In what is believed to be the main success of the 13th session of the Western and Central Pacific Fisheries Commission in Nadi, Fiji, is passage of a measure to protect observers on board fishing vessels that ply this area.
In the last six year, five observers have died under unexplained circumstances in the last six years.
The names of those men: Wesley Talia, Larry Gavin and Charlie Lasisi of Papua New Guinea, Usaia Masibalavu from Fiji and Keith David from the USA were on the minds of delegates when they Tuna Commission approved a measure to protect observers that contribute vital information for the management and conservation of tuna species in this region.
The United States led the measure with strong backing from Fisheries Forum Agency members , including Parties to the Nauru Agreement.
American Samoa, and other US territories, and the Western Pacific Fishery Management Council were behind the protection measure for observers.
The measure was nearly lost on this final day of the meeting, when Japan said the matter of transportation of observers belonged to another ministry.
A series of emotional statements from Pacific Island governments and a moving statement from the Worldwide Fund for Nature’s Alfred Bubba Cook turned the meeting.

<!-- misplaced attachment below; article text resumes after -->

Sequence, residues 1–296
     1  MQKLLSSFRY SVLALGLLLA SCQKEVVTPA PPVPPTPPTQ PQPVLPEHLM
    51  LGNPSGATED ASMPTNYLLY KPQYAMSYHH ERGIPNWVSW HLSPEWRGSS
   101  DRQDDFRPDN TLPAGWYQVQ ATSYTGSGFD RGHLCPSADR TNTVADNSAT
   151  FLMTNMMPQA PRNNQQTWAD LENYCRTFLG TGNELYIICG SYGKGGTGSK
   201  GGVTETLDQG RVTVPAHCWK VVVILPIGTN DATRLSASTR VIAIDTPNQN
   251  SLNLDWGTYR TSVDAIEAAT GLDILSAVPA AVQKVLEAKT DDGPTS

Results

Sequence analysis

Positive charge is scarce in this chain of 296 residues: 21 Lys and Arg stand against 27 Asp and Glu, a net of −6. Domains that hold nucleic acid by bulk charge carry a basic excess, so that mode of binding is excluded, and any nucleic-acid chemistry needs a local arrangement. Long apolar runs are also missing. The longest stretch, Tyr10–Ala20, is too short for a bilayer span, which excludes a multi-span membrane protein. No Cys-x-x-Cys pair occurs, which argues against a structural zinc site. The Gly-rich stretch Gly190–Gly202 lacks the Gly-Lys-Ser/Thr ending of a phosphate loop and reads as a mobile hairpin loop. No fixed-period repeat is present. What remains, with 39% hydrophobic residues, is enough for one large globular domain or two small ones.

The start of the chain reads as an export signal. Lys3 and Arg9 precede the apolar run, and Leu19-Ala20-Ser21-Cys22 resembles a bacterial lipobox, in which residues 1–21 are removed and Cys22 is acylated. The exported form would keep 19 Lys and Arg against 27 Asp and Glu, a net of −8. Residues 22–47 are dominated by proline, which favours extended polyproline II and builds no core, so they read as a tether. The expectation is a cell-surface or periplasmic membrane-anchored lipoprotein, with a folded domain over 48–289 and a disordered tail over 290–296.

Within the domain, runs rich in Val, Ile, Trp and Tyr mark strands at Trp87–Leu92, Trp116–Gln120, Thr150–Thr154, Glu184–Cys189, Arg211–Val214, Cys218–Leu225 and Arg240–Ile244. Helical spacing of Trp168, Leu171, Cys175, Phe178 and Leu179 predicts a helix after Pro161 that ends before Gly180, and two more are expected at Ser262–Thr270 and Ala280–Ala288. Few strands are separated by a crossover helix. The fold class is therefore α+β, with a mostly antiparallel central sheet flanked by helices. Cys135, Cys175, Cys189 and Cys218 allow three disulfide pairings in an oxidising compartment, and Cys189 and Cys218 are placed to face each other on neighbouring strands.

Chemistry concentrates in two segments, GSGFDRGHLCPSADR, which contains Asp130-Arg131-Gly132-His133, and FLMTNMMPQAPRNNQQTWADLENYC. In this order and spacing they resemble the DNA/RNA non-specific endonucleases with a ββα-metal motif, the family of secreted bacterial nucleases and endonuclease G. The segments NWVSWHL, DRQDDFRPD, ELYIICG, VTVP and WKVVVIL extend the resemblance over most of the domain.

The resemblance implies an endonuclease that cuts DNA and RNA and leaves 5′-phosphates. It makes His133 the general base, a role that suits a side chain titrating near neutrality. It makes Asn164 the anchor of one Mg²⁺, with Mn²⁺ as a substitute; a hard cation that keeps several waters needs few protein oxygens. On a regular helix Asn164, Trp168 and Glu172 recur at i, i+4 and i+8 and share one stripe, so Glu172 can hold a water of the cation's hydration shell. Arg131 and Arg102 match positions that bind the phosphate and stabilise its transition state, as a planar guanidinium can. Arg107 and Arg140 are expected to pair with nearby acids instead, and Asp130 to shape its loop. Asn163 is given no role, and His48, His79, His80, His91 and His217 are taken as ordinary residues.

Finally, a call from Tokyo gave the all clear and the measure on observers was approved, albeit with an exemption for Japan from the new rules.
The measure means that for the first time observers will know if they get sick or are harassed or intimidated by hostile crew they have a safety net onshore that will swing into action to
The nation providing observers, the flag state of the boat on which they serve and the coastal state in which they are fishing all have obligations to assist.
Mr. Cook told reporters several hours before the measure was approved, that observers go to sea knowing the risks they face and gave their lives in support of this industry.
The data they send to authorities helps to understand the state of the fish stock as well as helping with compliance with fishing rules.
Mr Cook said given the critical role observers play, Pacific nations and other organizations want to make sure that they have every tool available to ensure they can operate safely.
Dr. Ruth Matagi Tofiga, leader of American Samoa’s delegation has been vocal on the observer and measures on tropical tuna and albacore .
A member of the Western Pacific Fishery Management Council, Frederick Rice of Honolulu said American Samoa has been effective in getting attention on its own needs.
He said the leader of the US delegation Mr. Russel Smith of the US State Department has recognized the special circumstances of American Samoa as a Small Island Developing state with respect to protecting the territory’s tuna fishing industry.